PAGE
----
Posterior Vitreous Detachment
What is posterior vitreous detachment?
The eye is a very complex functional and anatomic organ. The retina is a thin, delicate and transparent sheet of tissue that lines the inside of the back of the eye. Directly in front of the retina is also a cavity that contains a gel called vitreous, a complex structure consisting of aqueous fluid, macromolecules, and collagen fibrils. In children, the vitreous is an optically clear, transparent, and formed gel. However, as life progresses the vitreous gel naturally and gradually liquifies. By mid to late life, the vitreous has mostly liquified except for a layer of gel up against the retina. At some point, in nearly all people, this layer of gel will spontaneously begin to peel away, or separate, from the retina. We refer to this natural development in the eye as posterior vitreous separation (PVS) or posterior vitreous detachment (PVD).
Posterior vitreous detachment symptomsSome people have no symptoms of a posterior vitreous detachment. However when symptoms do occur they consist of “flashes and floaters”. Flashes occur when the layer of gel pulls mechanically on the retina as it separates. The brain interprets this mechanical irritation of the retina as light. Flashes occur most prominently when PVD initially occurs and then gradually die down over a few weeks.
The floaters occur because the layer of gel up against the retina contains fibers that clump together when posterior vitreous detachment occurs, then float around within the liquefied vitreous and are symptomatic in the vision. These floaters gradually diminish in prominence over several weeks or months.
Occasionally people will continue to perceive flashes and floaters for a prolonged period of time. As long as a retinal examination discloses no vision-threatening findings, treatment is not necessary.
Risks of leaving PVD untreated
Vision-threatening complications can occasionally develop after a PVS. In some cases, the gel separates from the retina may pull on and break a small retinal blood vessel. This can cause vitreous hemorrhage. Although vitreous hemorrhage will usually resolve on its own, it is also important to examine the retina in case the gel has pulled on the retina hard enough to cause a retinal tear to develop. While laser treatment can help treat & stabilize retinal tears, it can also lead to a retinal detachment which is a very serious and potentially blinding complication of a PVS.
Posterior vitreous detachment treatment
The abrupt onset of flashes and floaters should prompt a careful and complete examination of the back of the eye and the retina within a day or two. Since a retinal tear or retinal detachment may not be initially present, one can occasionally occur later. A second examination is often done 3-4 weeks after the onset of PVS. If we identify no complications at that examination, the future risk is low.
VitreoRetinal Surgery, PLLC is a group practice of fellowship-trained Retina Specialists. We specialize exclusively in the treatment of retinal diseases. We are actively involved in research into new treatments and are capable of rapidly bringing newly approved treatments to our patients with retinal diseases.
How long does posterior vitreous detachment take to heal?Posterior vitreous detachment is a normal part of aging. It usually happens to most people by the age of 70. For most people, posterior vitreous detachment is a harmless event without any symptoms. There isn’t any damage to the person’s vision. Some people will notice an increase in floaters, but their appearance usually becomes less noticeable with time.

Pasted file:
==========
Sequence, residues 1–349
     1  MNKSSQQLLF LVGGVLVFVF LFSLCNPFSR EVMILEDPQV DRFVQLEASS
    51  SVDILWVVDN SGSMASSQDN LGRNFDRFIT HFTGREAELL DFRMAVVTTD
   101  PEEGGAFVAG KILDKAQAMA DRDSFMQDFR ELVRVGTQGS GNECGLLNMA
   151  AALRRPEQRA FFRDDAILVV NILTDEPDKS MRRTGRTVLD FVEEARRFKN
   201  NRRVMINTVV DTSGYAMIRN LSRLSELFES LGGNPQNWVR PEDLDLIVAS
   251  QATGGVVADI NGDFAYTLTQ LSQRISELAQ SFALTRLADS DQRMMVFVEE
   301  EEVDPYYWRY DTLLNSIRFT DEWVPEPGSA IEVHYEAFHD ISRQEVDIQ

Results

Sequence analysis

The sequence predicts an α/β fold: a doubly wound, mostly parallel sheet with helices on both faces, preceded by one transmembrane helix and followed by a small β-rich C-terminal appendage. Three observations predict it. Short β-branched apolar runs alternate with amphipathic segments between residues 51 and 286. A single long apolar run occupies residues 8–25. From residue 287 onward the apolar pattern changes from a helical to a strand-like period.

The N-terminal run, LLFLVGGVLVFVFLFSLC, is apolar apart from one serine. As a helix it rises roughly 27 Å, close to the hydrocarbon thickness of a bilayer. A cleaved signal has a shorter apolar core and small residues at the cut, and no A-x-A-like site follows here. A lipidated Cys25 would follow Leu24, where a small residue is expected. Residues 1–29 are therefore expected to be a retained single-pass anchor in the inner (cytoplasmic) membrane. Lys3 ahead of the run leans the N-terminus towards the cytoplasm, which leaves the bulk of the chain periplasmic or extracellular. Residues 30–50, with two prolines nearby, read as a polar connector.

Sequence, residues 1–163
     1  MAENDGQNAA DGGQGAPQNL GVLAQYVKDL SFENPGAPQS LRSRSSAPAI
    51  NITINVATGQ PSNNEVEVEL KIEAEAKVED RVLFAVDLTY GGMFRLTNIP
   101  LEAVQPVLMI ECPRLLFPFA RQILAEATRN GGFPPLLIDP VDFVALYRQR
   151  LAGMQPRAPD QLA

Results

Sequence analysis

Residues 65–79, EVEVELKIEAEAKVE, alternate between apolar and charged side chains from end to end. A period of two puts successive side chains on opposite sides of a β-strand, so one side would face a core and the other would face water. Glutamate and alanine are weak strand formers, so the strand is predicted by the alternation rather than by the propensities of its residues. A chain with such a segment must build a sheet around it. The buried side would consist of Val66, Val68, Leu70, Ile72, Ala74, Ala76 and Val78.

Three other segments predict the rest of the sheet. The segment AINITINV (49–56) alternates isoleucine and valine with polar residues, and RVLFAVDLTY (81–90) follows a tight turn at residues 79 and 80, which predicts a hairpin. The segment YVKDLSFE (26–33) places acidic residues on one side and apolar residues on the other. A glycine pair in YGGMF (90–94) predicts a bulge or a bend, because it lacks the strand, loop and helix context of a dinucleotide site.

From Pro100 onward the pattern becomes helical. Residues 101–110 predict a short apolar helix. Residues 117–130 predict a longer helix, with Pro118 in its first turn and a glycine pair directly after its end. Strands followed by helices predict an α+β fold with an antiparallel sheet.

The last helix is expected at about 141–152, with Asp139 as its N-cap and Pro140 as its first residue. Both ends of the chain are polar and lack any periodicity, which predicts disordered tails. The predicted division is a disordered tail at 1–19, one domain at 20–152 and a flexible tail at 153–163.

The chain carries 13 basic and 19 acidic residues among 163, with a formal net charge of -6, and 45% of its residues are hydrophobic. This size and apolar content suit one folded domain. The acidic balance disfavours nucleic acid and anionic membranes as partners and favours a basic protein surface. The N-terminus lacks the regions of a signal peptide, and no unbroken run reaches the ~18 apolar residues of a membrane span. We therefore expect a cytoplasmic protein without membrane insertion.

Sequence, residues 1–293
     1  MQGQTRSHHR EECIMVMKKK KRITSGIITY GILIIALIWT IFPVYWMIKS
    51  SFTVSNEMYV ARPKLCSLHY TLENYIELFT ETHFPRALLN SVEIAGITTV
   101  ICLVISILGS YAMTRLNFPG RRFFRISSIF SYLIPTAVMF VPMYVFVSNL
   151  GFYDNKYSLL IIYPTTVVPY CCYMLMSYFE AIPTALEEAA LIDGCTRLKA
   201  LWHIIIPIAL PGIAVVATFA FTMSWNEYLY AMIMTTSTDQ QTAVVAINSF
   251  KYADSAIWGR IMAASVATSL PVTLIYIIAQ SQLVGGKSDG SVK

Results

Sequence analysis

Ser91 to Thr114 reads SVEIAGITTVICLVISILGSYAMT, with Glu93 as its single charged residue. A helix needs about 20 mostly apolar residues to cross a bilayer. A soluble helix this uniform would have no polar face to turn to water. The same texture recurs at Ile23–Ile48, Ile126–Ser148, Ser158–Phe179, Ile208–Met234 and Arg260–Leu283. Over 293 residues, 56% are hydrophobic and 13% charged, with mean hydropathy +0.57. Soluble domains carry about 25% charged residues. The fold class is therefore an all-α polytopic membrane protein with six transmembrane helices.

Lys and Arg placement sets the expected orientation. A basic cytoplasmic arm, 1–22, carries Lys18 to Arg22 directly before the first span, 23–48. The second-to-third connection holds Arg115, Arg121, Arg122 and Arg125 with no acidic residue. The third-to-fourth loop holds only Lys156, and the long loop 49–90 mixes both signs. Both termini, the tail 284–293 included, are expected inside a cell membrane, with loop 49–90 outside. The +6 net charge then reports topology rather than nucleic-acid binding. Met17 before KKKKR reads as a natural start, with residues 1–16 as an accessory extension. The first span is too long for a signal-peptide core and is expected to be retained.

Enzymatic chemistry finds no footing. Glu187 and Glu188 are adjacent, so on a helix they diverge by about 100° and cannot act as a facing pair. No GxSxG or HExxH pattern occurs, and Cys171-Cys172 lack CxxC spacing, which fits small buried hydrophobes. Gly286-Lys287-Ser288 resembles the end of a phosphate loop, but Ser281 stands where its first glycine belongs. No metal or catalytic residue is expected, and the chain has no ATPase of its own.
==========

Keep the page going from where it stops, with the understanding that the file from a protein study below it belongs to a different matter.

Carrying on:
In these cases, the posterior vitreous detachment doesn’t necessarily “heal,” but it doesn’t cause problems for the person’s vision. Floaters or flashes usually get better within three months after determining that there isn’t a retinal tear or detachment.
However, if you notice a lot of floaters or flashes of light suddenly, or if you have a decrease in vision, this demands immediate attention. The retina needs to be examined for a possible retinal tear or retinal detachment. If this has occurred, it is necessary to seal the retina back to the wall of the eye.
This is done with a laser or a freezing procedure. This procedure creates spot welds of sorts around the edges of the tear that nearly eliminates the risk of the tear progressing to full retinal detachment.
If retinal detachment has occurred, we may use a vitrectomy, where we remove the vitreous gel that fills the eye and drain the fluid from under the retina. We then fill the eye interior with a gas bubble to hold the retina in place while it heals. This can also be done with a retinopexy, where a gas bubble is injected into the eye to hold the retina in place to allow it to heal. These procedures will take between 2-4 weeks to heal. It may take longer for your vision to fully return to normal, but most people can return to normal activities.
How common is PVD
Posterior vitreous detachment is completely normal and it occurs in both men and women equally. It most cases it does not require treatment. It doesn’t go away, per se, but the symptoms the patient is experiencing — flashes and floaters — decrease and become less and less noticeable.
Once your eyes are checked to be sure you don’t have either a retinal tear or retinal detachment, usually nothing further is needed.
Is treatment needed?
This is a condition where the vitreous, which was gel when the person was younger, has become liquefied and has begun to peel away from the retina. This is a natural development in the majority of people over the age of 60. It doesn’t heal, but it usually doesn’t require any treatment either.
Who is at risk?
Basically everyone over the age of 60 is at risk for posterior vitreous detachment. Here are the risk factors:
- Older age
- Past eye trauma
- Prior cataract surgery